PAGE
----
First, I’m not American, and I live in a country that has different ethnic and cultural divisions than the ones in the US. Obviously, it affects how I look at questions of multiculturalism in general and in the romance genre.

    What really came through for me in the DA thread is that the question is whether the important thing is to make the content more diverse or to ensure more opportunities for AOC (though I don’t understand why it’s presented as a choice). For me, I really don’t care what an author’s background is; I care what she puts into her books. I do want more variety and diversity in my reading material – I just don’t particularly care who writes it, so long as they get it right and in ways that are compelling to me as a reader. I realize that a reader whose experiences were different from mine will likely have a different take on what “getting it right” means. But Sunita is right: everyone will get things wrong; part of writing is learning to accept that you won’t be perfect. So no, I don’t think an author should limit herself to writing about people like her, and I didn’t like the implication that there is something exploitative about white authors writing POC characters. I want to see more authors include diverse characters in their books because multiculturalism shouldn’t be a niche; it should be part of the genre.

    Having a white sounding name might help your sales – I wouldn’t know – but because you choose to write multicultural characters, it may also be a hindrance, as some readers will automatically categorize your books as inauthentic based on your name or your author photo and look elsewhere. So you do not face the challenges an AOC might face, but you have other challenges: you might have to work harder to get the voice right, do more research, and deal with a different set of reader expectations.

    Finally, I don’t think the conversation about diversity in the genre should be so focused on specific types of diversity. Multiculturalism and diversity, to me, means that we should be seeing more racially diverse characters, sure, but also more religious diversity (where are the Muslims and Jews and members of other religions?), non-American characters and settings (beyond historicals Regency England), more variety in the characters’ ages, more people with disabilities… the focus on POC is, in my opinion, important – but it is also somewhat limiting.

    And please write Eric’s and Maria’s books. I will buy extra copies if that helps :)

  9. I don’t (usually) buy a book because of a particular ethnicity/setting – it can be a factor but it’s more if the story interests me, if the author has a proven track record to give me a good read. Possibly, I might also need to be able to relate to/find the hero attractive as I’ve discovered I’m a very hero-centric reader (but I haven’t given the latter a lot of thought – I don’t think that the heroine is a placeholder for me but I do like to “fall for” the heroes in a book – and now it is clear to all that I haven’t given this bit much thought!).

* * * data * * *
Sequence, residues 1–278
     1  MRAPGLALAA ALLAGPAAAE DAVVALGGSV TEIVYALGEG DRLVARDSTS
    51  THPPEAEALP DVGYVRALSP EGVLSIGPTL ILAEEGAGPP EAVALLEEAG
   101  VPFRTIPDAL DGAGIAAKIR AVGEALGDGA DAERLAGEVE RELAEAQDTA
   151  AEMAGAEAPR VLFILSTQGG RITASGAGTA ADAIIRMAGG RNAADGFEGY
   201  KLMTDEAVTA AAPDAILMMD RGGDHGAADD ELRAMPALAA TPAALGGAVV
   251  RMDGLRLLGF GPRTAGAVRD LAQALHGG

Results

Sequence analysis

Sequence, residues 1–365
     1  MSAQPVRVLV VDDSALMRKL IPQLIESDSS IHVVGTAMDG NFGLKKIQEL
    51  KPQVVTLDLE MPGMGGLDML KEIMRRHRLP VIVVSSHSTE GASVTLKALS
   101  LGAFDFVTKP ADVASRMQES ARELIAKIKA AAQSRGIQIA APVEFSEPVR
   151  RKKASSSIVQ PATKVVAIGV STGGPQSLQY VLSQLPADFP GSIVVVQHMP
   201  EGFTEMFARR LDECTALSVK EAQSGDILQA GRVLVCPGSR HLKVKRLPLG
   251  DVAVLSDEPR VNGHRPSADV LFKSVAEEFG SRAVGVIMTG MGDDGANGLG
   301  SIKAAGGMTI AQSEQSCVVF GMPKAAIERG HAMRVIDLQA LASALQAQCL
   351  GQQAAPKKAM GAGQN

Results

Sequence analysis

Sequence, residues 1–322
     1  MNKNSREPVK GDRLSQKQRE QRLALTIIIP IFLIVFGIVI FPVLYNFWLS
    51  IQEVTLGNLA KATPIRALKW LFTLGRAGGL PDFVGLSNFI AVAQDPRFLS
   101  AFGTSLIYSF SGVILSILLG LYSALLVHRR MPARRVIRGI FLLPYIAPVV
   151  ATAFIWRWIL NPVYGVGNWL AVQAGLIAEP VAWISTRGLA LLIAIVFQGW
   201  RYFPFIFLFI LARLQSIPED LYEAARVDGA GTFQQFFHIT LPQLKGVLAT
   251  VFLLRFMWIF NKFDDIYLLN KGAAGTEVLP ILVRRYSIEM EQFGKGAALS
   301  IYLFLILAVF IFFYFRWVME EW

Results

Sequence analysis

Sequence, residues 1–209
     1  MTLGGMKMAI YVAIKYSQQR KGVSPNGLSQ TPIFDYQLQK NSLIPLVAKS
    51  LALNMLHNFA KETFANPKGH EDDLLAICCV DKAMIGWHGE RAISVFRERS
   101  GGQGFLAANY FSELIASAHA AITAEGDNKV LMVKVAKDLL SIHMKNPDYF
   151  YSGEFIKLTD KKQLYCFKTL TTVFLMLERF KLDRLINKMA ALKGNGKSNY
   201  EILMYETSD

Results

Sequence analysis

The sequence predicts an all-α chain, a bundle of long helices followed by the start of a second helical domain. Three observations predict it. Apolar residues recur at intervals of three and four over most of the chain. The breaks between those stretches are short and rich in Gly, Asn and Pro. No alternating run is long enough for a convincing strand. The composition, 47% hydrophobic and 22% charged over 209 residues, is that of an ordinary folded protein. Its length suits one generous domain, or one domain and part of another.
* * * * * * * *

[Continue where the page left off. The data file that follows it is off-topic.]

I read your books because I like your writing. Whether or not they have multicultural characters is not a factor for me (perhaps it should be, but I’m being honest here).

    I am guilty of believing what I read about a multicultural character in a novel unless someone with authority tells me otherwise but I’m always happy to learn about diverse cultures too.

    I’m not sure I’ve added much to the discussion… :)

  10. Sunita, I’ll look forward to that post with great anticipation! I think you mentioned having some problems with Duke of Shadows, but I really like the hero portrayal. I also recently read “Santa Olivia,” about a fictional border town with a Latina/black heroine, and it just blew me away.

  11. Thanks for the thoughtful comment, Meri. I don’t think my name is a hindrance, but I wouldn’t change it to something more ethnic. I’d feel dishonest.

    I’d love to see more diversity of all kinds in romance as well.

    And thanks for the enthusiasm for Eric & Maria!! In both cases I wish I had wrapped things up in a more satisfying manner. Hindsight.

  12. Thanks Kaetrin! You always add to the discussion!
    I think of myself as a heroine-centric reader but I like to “fall in love” with the hero also. If I can’t understand what he sees in her…fail. So they have to be a good match, and I’m harder on heroines/women because I expect a lot from them. Men, gah. I’m used to them making stupid moves.

  13. Someone recommended me to read your books, but I had to find out what your books were all about and came upon on your blog, and the topic above convinced me to read your books. I love romance, but I wanted to make sure your books are not about vampires. I am so burnt out on that genre.

    I am half asian half mutt. I really don’t identify myself with any race but “mutt”. So that means whenever I have to fill out forms about myself, I always don’t check or check “Other.”